Lower Back Pain After A Car Accident

There are two injuries that are common in car accidents, whether it is a small rear-ending collision or something larger than that. Neck pain and back pain. One or both are a frequent symptom, and the injured party doesn’t always feel it right away as it often becomes worse after a few days.

The spine and back are made up of an intricate array of muscles, tendons, vertebrae, spinal cord, and discs, all of which take the full force of the impact when a car behind you collides with yours. The severity of the injury depends on the impact on the vehicle, whether a seat belt was worn, and if an airbag went off. Seatbelt and airbag safety features are designed to prevent further injuries to you. They do this by cushioning the blow and minimizing strain on your back.

Seeking Help

This is one of the reasons that it is important to see a medical professional right after an accident. Pain in the legs, numbness and general pain in the back that comes and goes are all symptoms of a back injury. Waiting to get help will not only slow your healing but also will affect the viability of your insurance claim.

There are many different injuries that may cause lower back pain which is why it’s important to determine their cause. To process an insurance claim, the company needs to know how the extent of your medical bills, if you will miss work, or if it’s debilitating enough that you can no longer work.

Some of the back problems that commonly occur after a car accident include:

  • Soft tissue tearing and bruising
  • Compression fractures
  • Herniated discs
  • Axial bursts
  • Dislocation or fractures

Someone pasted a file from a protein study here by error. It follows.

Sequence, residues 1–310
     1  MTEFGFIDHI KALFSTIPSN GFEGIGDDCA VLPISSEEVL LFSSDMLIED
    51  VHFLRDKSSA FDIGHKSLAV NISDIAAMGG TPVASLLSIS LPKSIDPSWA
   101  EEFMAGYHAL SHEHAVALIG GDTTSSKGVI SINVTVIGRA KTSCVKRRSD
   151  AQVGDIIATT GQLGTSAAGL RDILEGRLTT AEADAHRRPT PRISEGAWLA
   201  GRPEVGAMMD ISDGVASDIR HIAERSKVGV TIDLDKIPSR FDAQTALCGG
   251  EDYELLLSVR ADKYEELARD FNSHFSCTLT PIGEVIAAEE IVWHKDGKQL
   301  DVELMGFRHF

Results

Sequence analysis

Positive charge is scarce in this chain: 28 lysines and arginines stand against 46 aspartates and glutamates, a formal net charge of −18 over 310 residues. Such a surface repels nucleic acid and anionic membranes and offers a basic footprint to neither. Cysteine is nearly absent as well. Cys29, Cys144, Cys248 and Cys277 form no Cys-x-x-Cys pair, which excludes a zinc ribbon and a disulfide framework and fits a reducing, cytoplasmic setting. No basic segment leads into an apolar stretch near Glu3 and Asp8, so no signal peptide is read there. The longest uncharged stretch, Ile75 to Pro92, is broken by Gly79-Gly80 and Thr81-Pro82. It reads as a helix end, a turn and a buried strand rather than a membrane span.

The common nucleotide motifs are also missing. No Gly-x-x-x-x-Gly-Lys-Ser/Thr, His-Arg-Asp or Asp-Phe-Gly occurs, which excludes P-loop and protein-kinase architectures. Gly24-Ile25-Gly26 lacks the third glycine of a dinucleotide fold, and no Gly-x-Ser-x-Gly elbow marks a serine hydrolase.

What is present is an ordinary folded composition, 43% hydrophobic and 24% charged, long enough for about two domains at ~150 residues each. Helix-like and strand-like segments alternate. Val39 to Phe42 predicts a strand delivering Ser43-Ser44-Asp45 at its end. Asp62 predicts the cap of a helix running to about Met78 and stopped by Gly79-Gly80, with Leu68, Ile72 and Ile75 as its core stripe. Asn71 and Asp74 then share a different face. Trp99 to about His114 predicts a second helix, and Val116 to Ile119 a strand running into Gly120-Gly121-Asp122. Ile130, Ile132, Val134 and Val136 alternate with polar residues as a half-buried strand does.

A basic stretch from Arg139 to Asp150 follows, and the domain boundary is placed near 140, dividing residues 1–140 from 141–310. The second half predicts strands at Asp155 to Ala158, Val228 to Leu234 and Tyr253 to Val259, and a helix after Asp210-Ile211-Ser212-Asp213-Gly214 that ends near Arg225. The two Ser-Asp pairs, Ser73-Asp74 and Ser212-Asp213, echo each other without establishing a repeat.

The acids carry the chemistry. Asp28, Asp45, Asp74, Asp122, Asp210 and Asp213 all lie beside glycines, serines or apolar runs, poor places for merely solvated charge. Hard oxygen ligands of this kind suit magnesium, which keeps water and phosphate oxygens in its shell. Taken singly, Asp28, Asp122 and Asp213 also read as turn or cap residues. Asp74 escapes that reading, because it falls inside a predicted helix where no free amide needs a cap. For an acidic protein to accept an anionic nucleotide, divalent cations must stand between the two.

All of these have back pain as the main side effect, and the pain can range from mild to excruciating. Also, to diagnose these injuries, the doctors will need to perform tests which are often expensive. They may order any of the following types of diagnostic tests:

  • CAT/CT scans
  • X-rays
  • MRIs

These tests focus on different things, whether that’s soft tissue, bones and fractures, or cartilage damage.


Treatment depends on the nature of the injury, whether you need surgery, medication, chiropractic visits or physical therapy appointments to help ease the pain and let your back heal. These can also get expensive but are included in the economic damages you may be able to recover from those responsible.

Who Pays For It?

The liability of the accident will determine who pays for it unless you live in a no-fault state. No-fault states require that you use your insurance company to cover damages to the car, medical bills, and any required medical visits in the future. However, if you live in a tort state, which makes up the majority of the states, then it would depend on the who is responsible for the accident.

It may be advisable to seek the legal advice of a car accident attorney Des Moines IA relies on who can provide guidance after a review of your case.

Thanks to our friends and contributors from Johnston | Martineau PLLP for their insight into car accident cases.